It's Monday evening in Oklahoma City, and you're enjoying a break by watching the string of half-hour situation comedies on the local CBS affiliate, KWTW-9.
Car dealers who want to reach you will have a tough time.
"You'll see 10 to 13 car commercials in a typical 30-minute space, so you have to do something different to break through the clutter," says Chad Stalcup, head of the in-house media arm for Fowler Holding Co. (Honda-Toyota-Mitsubishi-Jeep) of Norman, Okla.
To boost its market identity, the company started a "Follow Me to Fowler" awareness campaign that uses a catchy jingle and down-home humor.
In the "Pied Piper" spots, Stalcup's TV persona enters a mock nudist colony, rides a hot air balloon over Interstate 35 and marches with the Tecumseh High School Band - all to get people to follow him to Fowler.
Fowler's marketing costs rose 25 percent to $2.28 million, but dealer Mike Fowler says viewer response was both strong and immediate.
A catchy jingle seemed like a natural for Chicago-area dealer Roland Gartner.
Gartner, who handles Buick, Saab and Hyundai, bypassed the Windy City marketing traffic jam by hooking up with an agency to produce ads with name recognition. When the agency suggested adding a musical jingle, Gartner's niece, a professional recording artist, sings.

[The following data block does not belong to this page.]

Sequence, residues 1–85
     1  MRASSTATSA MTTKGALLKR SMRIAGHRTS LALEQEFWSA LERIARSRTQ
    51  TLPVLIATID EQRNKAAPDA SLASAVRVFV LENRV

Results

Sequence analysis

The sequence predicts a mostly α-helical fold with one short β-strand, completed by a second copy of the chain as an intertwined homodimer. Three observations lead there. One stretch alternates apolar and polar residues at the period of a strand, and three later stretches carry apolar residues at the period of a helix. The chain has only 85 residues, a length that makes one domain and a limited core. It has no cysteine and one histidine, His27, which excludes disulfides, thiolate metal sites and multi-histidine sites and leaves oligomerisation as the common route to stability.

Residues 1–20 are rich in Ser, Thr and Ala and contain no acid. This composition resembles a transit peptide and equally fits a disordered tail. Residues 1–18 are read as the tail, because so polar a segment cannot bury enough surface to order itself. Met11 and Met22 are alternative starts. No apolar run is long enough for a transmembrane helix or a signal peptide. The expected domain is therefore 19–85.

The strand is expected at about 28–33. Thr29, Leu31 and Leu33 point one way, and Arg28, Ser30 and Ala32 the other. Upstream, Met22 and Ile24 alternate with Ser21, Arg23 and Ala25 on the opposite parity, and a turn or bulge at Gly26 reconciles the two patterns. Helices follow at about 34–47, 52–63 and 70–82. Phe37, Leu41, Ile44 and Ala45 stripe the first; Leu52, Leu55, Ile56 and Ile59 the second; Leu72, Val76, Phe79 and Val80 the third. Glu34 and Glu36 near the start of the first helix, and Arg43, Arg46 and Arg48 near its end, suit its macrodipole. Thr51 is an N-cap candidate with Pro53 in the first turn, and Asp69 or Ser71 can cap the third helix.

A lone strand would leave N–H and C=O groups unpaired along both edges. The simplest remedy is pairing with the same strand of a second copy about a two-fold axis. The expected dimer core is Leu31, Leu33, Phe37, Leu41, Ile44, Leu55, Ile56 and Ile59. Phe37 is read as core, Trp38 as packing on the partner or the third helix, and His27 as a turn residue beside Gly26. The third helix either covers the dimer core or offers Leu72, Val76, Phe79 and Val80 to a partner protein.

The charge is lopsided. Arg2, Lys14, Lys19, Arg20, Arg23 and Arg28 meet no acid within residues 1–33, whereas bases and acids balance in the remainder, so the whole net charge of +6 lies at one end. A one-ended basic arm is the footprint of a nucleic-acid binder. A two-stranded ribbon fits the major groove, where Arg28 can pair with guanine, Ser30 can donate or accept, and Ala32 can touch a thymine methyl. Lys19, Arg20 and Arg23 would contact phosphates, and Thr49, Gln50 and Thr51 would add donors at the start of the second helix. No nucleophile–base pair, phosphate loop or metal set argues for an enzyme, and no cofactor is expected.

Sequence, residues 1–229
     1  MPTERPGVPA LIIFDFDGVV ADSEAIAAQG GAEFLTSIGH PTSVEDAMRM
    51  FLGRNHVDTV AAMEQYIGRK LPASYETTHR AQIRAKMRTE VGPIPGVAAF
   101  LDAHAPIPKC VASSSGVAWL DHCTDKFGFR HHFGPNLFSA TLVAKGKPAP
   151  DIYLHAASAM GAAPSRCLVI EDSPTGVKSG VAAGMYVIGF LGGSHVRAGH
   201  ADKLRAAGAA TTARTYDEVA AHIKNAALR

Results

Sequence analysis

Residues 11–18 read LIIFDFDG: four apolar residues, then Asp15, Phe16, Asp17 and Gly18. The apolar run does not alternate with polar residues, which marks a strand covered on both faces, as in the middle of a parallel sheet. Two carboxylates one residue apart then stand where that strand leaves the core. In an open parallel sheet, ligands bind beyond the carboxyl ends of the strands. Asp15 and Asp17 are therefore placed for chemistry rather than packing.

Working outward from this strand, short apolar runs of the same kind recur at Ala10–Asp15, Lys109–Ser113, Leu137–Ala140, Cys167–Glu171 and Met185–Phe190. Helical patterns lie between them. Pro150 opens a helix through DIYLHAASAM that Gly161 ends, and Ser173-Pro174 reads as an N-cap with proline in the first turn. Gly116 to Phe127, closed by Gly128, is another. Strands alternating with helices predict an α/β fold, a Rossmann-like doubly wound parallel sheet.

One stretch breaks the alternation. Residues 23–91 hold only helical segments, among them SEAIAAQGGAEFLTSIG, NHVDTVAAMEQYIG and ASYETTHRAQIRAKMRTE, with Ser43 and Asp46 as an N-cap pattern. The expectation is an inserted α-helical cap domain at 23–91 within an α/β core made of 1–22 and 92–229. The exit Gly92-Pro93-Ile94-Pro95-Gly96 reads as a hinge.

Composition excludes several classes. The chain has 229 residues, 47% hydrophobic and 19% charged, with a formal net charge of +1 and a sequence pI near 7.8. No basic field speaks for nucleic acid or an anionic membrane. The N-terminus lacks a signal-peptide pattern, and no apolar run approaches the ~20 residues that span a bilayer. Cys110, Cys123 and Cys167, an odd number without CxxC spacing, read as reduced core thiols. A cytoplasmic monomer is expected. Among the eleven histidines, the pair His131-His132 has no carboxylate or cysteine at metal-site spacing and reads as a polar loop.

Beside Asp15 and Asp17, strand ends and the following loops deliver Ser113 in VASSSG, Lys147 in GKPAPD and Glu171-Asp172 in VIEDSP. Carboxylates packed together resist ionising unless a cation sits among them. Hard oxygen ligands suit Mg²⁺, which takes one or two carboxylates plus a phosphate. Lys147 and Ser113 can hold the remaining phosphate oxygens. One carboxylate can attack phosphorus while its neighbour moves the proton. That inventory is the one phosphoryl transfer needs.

The final step was to accelerate his ad budget. "If you have a jewel, you have to back it with advertising dollars," he explains.
Marketing campaigns can get startling results without jingles or even TV commercials.
Just ask dealer Arthur Wolpert, who handles Toyota, Ford and Dodge in Worcester, Mass.
Wolpert offers free tires for life to customers who buy a new vehicle from one of his stores. His dealerships have switched their advertising mix to emphasize print and Internet after beginning the promotion last fall.
To qualify, customers must follow recommended service requirements. As a result, service absorption has risenfrom 70 percent to about 85 percent. "We think it's helping us close deals," Wolpert says. "People ask about it all the time."
The average dealership print ad is loaded with vehicles and numbers. Gallery Automotive Group decided to do things differently when it began establishing a brand identity for its five Boston-area dealerships.
To distinguish itself, Gallery and its ad agency developed a campaign around a “gallery” theme, placing frames around the cars and incorporating an easel in a new logo.
“All of our communication makes use of white space. If you take a look at a lot of other dealership advertising, it’s packed with vehicle pictures, copy, graphics and fine print,” says Ken Bourne, a dealership manager who handles the group’s advertising.
Not only is each ad easy to read, he says, but “customers understand it; they don’t feel like they’re being fooled.”